Weathering Breakups as an Introvert

– by Wes Colton

heartbrokenIt doesn’t matter who you are, breakups suck. You invested anything from months to years in this person, sharing your body, heart, and mind, and now they’re gone, possibly forever. It’s almost as if they’ve died, but worse, in some ways—at least if they were dead you wouldn’t have to worry about running into them with their new “bae” at the grocery store.

But breakups are typically worse for introverts than extroverts. It’s not that extroverts don’t miss their exes just as much as introverts do, it’s that extroverts’ addiction to socializing means they’ll be out playing the field again in no time. In fact, they’re probably looking forward to getting out there again.

Introverts, on the other hand, tend to compound the heartbreak with crippling, existential dread. “You’re saying that I’ve got to sift through dozens—if not hundreds—of incompatible, draining humanoids before I find another of those rare specimens I can actually stand?”

Ironically, the healthiest thing an extrovert can do after a breakup is stay the hell home. That way they can ask themselves whether their constant craving for stimulation contributed to the breakup, or even choosing the wrong partner in the first place.

But introverts might want to consider doing the opposite. Instead of stewing in your loss and self pity, once you’ve stopped crying, go out and do something social. Even if it’s just heading to a coffee shop and reading a book in the corner. Because, like a diver coming up to the surface from the depths of the sea, you’ve got to do so gradually so your physiology adjusts and you don’t get the bends (or whatever the social equivalent would be for this analogy.)

No one’s saying you should be instantly trying to replace your ex. To the contrary, desperate “rebounding” is one of the shittiest things we can do to ourselves or another person. But you need to get back into the habit of interacting with people tout de suite, so when your heart is fully healed, it’s rip roaring and ready to go.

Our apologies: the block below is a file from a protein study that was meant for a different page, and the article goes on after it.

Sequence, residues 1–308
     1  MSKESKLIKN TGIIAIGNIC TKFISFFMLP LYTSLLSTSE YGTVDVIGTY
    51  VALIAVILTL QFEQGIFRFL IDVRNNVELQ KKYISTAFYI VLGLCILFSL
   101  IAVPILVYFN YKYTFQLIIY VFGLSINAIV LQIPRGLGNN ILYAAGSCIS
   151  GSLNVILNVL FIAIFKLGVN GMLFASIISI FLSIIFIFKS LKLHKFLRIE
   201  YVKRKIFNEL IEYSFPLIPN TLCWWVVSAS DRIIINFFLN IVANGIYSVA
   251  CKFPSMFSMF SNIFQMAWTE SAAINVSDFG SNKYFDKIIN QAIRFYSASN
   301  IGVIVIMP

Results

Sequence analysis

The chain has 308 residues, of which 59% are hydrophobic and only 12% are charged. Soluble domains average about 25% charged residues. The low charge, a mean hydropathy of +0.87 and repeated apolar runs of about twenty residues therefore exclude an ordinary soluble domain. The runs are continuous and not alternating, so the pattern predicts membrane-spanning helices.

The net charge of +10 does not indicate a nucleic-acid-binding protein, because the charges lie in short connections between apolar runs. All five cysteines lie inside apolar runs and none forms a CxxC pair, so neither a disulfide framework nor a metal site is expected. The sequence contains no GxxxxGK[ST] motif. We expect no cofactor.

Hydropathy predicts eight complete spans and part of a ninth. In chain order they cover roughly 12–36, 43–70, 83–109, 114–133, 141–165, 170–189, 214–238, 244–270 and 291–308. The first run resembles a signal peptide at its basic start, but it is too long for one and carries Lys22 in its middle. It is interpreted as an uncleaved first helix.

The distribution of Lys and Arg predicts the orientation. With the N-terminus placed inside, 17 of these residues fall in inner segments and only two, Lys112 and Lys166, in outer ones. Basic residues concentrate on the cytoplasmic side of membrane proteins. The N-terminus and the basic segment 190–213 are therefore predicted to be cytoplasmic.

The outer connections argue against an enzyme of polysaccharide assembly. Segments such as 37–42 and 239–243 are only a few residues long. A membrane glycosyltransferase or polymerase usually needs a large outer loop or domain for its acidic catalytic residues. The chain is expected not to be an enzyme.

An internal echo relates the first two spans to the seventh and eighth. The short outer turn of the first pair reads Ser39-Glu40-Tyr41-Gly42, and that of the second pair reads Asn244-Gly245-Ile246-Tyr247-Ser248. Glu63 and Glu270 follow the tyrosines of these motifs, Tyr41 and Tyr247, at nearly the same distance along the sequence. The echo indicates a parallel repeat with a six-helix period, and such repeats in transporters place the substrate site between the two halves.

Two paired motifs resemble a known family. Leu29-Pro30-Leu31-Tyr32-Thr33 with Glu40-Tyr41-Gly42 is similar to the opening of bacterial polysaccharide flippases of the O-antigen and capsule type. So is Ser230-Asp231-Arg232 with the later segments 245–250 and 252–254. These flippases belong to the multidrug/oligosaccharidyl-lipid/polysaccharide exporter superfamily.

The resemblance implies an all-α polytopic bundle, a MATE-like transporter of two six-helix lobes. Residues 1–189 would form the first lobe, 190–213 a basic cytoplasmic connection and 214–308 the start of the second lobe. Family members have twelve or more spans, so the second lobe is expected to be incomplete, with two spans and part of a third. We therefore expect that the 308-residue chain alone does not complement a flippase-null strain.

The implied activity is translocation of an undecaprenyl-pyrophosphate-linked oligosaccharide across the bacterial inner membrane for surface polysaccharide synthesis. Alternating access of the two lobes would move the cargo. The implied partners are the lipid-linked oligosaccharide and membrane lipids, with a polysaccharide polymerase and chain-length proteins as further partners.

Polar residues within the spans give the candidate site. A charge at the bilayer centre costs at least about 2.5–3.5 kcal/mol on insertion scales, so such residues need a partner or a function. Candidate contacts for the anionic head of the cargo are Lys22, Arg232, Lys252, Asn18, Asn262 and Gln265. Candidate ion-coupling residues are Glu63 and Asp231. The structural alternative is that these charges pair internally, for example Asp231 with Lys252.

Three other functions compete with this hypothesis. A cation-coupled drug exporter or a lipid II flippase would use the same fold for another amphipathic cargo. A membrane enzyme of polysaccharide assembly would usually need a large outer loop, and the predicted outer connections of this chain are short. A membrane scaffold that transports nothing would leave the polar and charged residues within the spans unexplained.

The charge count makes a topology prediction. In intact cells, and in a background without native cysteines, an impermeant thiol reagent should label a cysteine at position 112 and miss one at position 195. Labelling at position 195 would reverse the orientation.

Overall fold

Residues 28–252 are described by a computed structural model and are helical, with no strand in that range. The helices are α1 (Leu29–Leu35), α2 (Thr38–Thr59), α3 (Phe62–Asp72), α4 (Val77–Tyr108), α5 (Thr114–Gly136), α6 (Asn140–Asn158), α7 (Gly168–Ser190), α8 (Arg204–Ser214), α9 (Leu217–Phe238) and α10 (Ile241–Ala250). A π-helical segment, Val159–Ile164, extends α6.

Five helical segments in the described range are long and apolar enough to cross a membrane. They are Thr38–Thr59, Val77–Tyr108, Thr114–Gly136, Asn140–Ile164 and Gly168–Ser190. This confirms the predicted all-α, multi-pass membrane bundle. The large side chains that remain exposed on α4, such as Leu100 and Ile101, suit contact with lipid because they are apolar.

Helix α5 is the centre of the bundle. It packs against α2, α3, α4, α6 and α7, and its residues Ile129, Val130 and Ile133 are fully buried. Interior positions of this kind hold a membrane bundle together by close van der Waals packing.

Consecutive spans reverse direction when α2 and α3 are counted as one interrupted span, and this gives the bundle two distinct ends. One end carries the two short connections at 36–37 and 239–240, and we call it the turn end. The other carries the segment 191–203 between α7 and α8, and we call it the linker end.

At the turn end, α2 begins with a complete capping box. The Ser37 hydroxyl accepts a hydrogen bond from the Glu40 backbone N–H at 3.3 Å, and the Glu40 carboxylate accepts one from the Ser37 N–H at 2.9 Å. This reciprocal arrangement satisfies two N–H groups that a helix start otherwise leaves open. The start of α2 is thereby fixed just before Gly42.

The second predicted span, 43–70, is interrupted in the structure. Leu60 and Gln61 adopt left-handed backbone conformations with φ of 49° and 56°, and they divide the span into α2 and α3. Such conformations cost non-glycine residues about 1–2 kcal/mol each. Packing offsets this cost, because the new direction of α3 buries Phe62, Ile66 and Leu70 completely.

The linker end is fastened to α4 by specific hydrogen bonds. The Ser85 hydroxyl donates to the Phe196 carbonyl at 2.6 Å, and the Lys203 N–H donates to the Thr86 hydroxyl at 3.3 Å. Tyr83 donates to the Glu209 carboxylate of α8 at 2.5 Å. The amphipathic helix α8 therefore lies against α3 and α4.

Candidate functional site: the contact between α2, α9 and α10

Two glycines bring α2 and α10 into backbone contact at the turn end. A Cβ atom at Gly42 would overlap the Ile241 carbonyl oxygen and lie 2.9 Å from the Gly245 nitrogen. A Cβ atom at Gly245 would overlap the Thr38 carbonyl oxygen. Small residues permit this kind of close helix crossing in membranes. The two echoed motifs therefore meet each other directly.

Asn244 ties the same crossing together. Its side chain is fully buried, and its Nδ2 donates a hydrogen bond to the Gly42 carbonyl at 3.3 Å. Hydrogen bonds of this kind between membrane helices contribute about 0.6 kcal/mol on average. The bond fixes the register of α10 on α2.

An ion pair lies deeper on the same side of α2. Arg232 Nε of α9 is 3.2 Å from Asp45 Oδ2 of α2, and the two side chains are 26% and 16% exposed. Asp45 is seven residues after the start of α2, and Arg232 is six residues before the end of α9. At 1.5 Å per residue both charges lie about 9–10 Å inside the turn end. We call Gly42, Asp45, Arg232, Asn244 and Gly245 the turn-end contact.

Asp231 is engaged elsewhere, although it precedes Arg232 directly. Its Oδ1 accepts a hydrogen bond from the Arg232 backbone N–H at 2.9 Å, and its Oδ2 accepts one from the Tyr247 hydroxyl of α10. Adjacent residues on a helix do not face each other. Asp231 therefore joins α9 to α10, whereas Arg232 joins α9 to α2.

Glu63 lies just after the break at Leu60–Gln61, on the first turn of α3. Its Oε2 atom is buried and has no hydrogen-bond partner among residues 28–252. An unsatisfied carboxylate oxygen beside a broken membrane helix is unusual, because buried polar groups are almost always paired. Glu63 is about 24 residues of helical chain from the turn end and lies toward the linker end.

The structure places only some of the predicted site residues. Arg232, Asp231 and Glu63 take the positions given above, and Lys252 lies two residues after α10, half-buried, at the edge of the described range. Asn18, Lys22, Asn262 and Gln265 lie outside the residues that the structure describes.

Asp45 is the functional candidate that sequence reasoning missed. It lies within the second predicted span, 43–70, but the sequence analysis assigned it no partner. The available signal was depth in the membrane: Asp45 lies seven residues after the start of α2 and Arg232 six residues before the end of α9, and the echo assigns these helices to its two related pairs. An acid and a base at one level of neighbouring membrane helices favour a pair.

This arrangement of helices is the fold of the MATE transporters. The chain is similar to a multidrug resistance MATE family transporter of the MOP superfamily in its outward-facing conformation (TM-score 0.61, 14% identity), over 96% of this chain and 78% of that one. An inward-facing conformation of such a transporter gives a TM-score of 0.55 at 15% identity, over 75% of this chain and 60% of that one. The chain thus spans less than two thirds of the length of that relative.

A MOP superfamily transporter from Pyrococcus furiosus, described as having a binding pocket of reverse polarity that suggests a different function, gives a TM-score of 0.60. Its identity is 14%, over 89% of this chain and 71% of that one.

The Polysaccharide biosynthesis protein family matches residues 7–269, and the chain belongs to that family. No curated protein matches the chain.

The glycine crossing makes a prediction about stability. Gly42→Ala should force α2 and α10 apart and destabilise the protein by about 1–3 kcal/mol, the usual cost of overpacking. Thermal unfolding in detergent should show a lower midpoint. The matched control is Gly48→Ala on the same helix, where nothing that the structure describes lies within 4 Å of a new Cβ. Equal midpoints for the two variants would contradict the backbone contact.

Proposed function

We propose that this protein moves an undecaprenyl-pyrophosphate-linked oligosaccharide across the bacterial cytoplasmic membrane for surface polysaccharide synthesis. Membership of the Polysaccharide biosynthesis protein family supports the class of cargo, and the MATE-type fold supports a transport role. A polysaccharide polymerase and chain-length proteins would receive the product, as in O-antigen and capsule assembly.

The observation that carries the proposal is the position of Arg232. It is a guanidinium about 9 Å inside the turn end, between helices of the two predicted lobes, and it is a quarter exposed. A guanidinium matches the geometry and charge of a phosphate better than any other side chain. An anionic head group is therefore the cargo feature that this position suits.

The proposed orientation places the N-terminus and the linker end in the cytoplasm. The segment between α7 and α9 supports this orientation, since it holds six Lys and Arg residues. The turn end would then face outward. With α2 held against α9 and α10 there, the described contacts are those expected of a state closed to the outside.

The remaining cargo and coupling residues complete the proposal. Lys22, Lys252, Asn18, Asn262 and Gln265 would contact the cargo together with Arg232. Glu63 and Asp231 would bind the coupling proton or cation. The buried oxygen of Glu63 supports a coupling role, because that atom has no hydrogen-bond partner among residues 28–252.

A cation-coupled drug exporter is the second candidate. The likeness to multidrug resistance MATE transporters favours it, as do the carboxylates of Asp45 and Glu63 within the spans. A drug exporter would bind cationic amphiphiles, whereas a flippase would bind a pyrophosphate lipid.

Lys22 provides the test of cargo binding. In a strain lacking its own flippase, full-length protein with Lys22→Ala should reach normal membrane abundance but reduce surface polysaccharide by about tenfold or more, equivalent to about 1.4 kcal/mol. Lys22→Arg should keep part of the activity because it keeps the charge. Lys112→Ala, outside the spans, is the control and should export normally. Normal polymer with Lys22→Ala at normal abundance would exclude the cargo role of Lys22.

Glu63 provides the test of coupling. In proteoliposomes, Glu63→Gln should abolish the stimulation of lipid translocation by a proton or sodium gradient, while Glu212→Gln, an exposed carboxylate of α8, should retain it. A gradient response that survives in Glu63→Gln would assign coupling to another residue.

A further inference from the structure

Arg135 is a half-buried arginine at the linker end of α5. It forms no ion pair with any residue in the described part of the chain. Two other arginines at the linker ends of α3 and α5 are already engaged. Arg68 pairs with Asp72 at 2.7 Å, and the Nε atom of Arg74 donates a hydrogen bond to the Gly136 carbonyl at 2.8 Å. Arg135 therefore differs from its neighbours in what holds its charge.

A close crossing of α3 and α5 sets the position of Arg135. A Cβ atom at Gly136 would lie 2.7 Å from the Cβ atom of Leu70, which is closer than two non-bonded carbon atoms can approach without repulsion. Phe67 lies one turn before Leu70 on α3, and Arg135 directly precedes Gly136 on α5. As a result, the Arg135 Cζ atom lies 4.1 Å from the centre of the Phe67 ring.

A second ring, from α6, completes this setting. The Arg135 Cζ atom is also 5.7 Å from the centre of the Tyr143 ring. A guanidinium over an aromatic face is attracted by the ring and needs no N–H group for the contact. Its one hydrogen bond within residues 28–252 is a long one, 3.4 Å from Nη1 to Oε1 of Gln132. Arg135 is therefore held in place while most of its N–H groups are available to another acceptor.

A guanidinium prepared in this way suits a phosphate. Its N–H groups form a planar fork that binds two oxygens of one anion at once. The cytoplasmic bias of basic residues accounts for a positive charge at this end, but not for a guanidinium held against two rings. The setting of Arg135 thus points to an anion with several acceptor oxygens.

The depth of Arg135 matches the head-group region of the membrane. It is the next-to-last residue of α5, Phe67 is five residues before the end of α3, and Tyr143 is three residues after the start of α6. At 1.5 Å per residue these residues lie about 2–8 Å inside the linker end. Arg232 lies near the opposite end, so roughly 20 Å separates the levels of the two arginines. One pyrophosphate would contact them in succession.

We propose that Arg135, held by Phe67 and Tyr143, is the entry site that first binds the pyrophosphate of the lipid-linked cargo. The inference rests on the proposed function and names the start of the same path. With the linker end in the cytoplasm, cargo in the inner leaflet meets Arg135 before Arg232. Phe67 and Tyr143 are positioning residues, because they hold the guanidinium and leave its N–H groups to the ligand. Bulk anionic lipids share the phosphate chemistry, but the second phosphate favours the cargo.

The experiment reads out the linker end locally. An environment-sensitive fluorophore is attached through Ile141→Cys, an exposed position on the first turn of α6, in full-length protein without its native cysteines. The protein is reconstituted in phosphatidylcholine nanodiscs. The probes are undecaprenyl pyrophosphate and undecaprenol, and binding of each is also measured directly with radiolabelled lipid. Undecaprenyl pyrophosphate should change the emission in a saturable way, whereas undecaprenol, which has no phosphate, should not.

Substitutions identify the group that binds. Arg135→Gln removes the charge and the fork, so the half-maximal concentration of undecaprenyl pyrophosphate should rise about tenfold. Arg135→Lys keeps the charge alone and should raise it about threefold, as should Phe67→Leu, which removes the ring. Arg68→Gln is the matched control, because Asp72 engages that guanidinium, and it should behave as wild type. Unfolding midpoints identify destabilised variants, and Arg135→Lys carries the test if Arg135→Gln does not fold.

Needless to say, the longer you stay at home binge watching Breaking Bad for the third time, the harder it will be to get out there again when you finally drag yourself off the futon. One of the biggest secrets to socializing as an introvert is making going out a part of your routine.

As with anything, it’s all in the perspective. Instead of wasting weeks mourning the death of your relationship, see this as an opportunity to finally force yourself out of the house again. And, who knows, it just might be the best thing that’s ever happened to you. Maybe you’ll realize you were actually with the wrong person because you were so reluctant to socialize that you settled for them out of desperation. Or were ignoring red flags because you were too lazy to start something else from scratch.

A breakup for an introvert doesn’t need to be a tragedy. Instead, it can be that obnoxious trainer who yells in your face until you get your social muscles back in shape and meet that person you’re supposed to be with. The person you never would’ve met had you not gone through a breakup.

In closing, I’ll leave you with a few words from lyricist Robert Hunter, responsible for the Grateful Dead’s famous ditty, “Truckin’.”

“Most of the cats you meet on the street speak of true love / Most of the time they’re sitting and crying at home. / One of these days, you know you better get going / Out of the door and down to the street all alone.”


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